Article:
Active Geosynthetic Composites for Subaqueous Capping
Contaminated sediments are a significant and widespread environmental issue (1). Marine ports are always significant sources of environmental pollution due to the fact that their activities are associated with a particular contamination of aquatic areas and bottom sediment (2). Contaminants get into the aquatic environment through shipping traffic, loading, repairs, and dredging, as well as rainwater runoff, effluent discharge, dust, etc. (2) (3) (4). Former industrial sites that are out of service have already been recognized as potential threat to the environment. This resulted from a lack of knowledge and a lack of regulations regarding harmful substances in the past. Due to the need of water for the industrial processes many of these sites are located adjacent to rivers and lakes which resulted in a steady long term contamination of the waterbodies' sediments. Example sites are former wood treatment plants, gas plants, mining operations and paper mills. (2) (5) Different Technologies are currently used for addressing contaminated sediments including Monitored Natural Recovery (MNR), enhanced MNR (EMNR), in-situ capping, dredging or excavation and a combination of these approaches. These remedial options all have advantages and limitations for controlling human health and ecological risks associated with contaminated sediment. (1) The decision, which remedial technology should be used at a specific site, needs to be based on a risk assessment study.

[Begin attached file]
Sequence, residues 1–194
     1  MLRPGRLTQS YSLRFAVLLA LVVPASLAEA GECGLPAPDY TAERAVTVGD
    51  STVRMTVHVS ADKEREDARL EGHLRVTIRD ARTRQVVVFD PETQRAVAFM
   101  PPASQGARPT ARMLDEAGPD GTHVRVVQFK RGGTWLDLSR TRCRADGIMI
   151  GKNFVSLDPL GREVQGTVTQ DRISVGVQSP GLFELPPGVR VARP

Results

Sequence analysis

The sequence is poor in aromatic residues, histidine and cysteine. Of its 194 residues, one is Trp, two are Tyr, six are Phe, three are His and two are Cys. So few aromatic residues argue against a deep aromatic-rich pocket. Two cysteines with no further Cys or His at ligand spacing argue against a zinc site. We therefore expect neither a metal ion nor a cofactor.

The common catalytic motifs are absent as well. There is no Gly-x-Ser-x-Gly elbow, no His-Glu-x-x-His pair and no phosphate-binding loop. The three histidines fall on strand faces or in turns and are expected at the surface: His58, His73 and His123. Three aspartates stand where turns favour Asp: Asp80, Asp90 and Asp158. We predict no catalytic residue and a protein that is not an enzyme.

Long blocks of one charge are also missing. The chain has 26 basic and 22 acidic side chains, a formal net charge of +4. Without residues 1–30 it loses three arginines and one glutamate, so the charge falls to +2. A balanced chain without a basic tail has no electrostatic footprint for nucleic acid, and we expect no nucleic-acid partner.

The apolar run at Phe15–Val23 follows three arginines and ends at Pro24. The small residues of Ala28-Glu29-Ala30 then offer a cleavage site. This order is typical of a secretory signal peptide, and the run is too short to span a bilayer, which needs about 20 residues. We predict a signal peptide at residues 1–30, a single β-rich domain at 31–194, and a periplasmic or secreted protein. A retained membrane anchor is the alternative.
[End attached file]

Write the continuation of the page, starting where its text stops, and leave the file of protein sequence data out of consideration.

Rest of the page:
The combination of geotextiles and active materials states an additional solution for all kinds of environmental engineering projects. The contaminant binding feature and the spectrum of active materials ranging from activated carbon, organophilic clay and zeolites to differentpolymers combined with the mechanical and chemical stability of geotextiles ensures an even broader field of application. Remediation of contaminated sediments using active géocomposite caps has been conducted successfully over the last years at different sites across the USA.